Before the introduction of testing for human immunodeficiency virus (HIV) in the mid-1980s, thousands of Canadians were infected through tainted blood products. Being solely responsible for Canada’s blood supply at that time, the Canadian Red Cross Society introduced a donor eligibility criterion that excluded all men who have had sex with a man even once since 1977. This criterion was embedded into Health Canada regulations in 1992.
At Canadian Blood Services, we periodically review our donor eligibility criteria, including those related to men who have sex with men. In 2016, Health Canada approved Canadian Blood Services’ and Héma-Québec’s applications to reduce the men who have sex with men ineligibility period from five years to one year. In other words, as long as they meet all other donor eligibility criteria, a man is now eligible to donate blood if it has been at least one year since he last had sex with another man. These changes are important steps towards being as minimally restrictive as possible while also maintaining the safety of the blood supply.
This change in policy was made after extensive review of scientific and epidemiologic evidence. Equally important was the consultation with high-interest groups, including patient groups representing heavy users of blood and blood products as well as members of lesbian, gay, bisexual, trans and queer (LGBTQ) community groups.
Because the patterns, causes and effects of HIV differ by country, there is no international scientific consensus on an optimal deferral period for men who have sex with men. Some European countries have instituted lifetime bans on blood donations from men who have sex with men, while the United Kingdom and Australia have reduced their deferral periods to one year.
A man who has had sex with a man is eligible to donate blood one year after their last sexual contact with other men.
Blood is regulated as a drug by Health Canada.
Health Canada is the regulator of Canada’s blood system. Any change to donor eligibility criteria that may affect recipient safety must be sent to Health Canada for approval.
Health Canada approved reduction of the MSM waiting period to three-months (in April 2019) based on a joint submission made by Canadian Blood Services and Hema-Québec. This change takes effect on June 3, 2019 across Canada.
The previous reduction from a five-year to a one-year waiting period was introduced in August 2016, and it was in July 2013 that the indefinite deferral period was removed, and the five-year eligibility criteria was added.
Recommendations pertaining to donor eligibility criteria have all been based on the latest available data and scientific evidence.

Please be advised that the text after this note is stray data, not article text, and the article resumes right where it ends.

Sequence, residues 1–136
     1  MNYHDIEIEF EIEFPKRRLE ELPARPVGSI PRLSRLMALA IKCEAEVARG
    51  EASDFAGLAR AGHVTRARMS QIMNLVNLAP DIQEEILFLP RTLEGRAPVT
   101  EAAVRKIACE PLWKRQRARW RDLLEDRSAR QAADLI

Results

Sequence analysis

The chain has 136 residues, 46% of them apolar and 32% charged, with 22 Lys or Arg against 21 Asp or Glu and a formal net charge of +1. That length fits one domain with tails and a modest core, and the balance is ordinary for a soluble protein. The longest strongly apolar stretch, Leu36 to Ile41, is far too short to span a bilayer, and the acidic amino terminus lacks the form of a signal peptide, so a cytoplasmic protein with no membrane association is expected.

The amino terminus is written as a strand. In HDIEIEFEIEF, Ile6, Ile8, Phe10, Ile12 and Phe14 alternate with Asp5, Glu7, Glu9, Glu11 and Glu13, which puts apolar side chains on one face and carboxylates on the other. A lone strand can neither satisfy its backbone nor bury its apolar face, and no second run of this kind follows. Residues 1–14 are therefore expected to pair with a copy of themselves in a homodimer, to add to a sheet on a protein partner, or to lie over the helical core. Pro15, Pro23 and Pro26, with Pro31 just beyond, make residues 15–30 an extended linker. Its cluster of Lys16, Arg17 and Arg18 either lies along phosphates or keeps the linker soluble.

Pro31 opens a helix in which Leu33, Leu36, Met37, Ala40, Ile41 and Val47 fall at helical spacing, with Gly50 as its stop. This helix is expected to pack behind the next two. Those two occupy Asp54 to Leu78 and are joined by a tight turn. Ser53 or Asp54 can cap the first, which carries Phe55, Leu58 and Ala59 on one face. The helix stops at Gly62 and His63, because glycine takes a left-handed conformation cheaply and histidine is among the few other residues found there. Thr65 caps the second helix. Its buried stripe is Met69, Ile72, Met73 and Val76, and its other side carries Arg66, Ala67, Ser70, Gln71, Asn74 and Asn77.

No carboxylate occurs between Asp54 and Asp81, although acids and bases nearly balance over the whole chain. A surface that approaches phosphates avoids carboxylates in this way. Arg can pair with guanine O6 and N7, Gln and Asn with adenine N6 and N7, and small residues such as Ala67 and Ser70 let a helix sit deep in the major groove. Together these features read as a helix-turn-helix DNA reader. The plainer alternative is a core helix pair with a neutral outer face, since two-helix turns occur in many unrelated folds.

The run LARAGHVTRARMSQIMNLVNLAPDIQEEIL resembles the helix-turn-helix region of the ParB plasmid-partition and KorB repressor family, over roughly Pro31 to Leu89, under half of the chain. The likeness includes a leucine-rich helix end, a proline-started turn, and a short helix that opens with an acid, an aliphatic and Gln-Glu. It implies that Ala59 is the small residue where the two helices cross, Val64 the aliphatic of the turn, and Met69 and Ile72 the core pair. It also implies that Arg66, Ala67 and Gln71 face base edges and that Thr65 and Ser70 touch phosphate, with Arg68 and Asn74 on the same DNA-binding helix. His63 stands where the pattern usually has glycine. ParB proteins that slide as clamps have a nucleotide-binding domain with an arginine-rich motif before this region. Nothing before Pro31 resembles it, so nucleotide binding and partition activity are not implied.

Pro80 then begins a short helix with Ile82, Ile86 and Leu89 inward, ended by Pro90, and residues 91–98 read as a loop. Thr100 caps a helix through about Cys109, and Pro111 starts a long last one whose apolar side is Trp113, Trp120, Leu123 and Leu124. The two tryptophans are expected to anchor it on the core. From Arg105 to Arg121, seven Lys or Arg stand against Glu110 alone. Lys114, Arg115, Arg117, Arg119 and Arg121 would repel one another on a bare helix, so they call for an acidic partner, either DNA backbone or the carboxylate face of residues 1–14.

Since Canadian Blood Services began managing Canada’s blood system in 1998, there has not been a single recorded instance of blood-borne infection from either hepatitis C or HIV.
At the outset of every blood donation, donors are screened to make sure they are healthy. This involves answering an extensive list of questions to ensure the safety of both the donor and the patient who will receive the blood products.
Each blood donation undergoes extensive testing for infectious diseases and contaminants. Within hours of collection, the test samples are sent to a lab and those samples are tested within the day.
Ultimately patients bear 100 per cent of the risk associated with blood transfusion, and of the consequences of changes made to donor eligibility criteria.
There is no international scientific consensus on an optimal deferral period for men who have sex with men. Donor screening criteria must address the Canadian context, which differs from that of other countries.
In partnership with Héma-Québec and with funding from Health Canada, Canadian Blood Services is supporting 15 research projects investigating various aspects of blood and plasma donors’ eligibility criteria and screening process.
We use antibody testing and nucleic acid amplification testing (NAT) to test blood for HIV. Introduced in 2001, NAT greatly reduces the length of time HIV can go undetected in a person infected with the virus. However, there is still an approximately nine day period shortly after infection when an individual may transmit HIV but the virus is not detected by our tests. That’s why we use screening questions before a donation is made as part of a multi-tiered safety system to protect patients.
Canadian Blood Services manages the national supply of blood, blood products and stem cells, and related services for all the provinces and territories (excluding Québec). We also lead an integrated, interprovincial system for organ donation and transplantation for all of Canada. Ensuring the safety of both donors and recipients is paramount at Canadian Blood Services. Through the testing of all donated blood and the adherence to strict donor eligibility criteria, including the deferral policy for men who have sex with men, we ensure that Canadians are not put at increased risk for infectious diseases that may be transmitted by blood transfusion, including HIV, hepatitis B and hepatitis C.
FOR MORE INFORMATION
To learn more about the eligibility criteria for men who have sex with men or about Canadian Blood Services’ practices and procedures, please contact: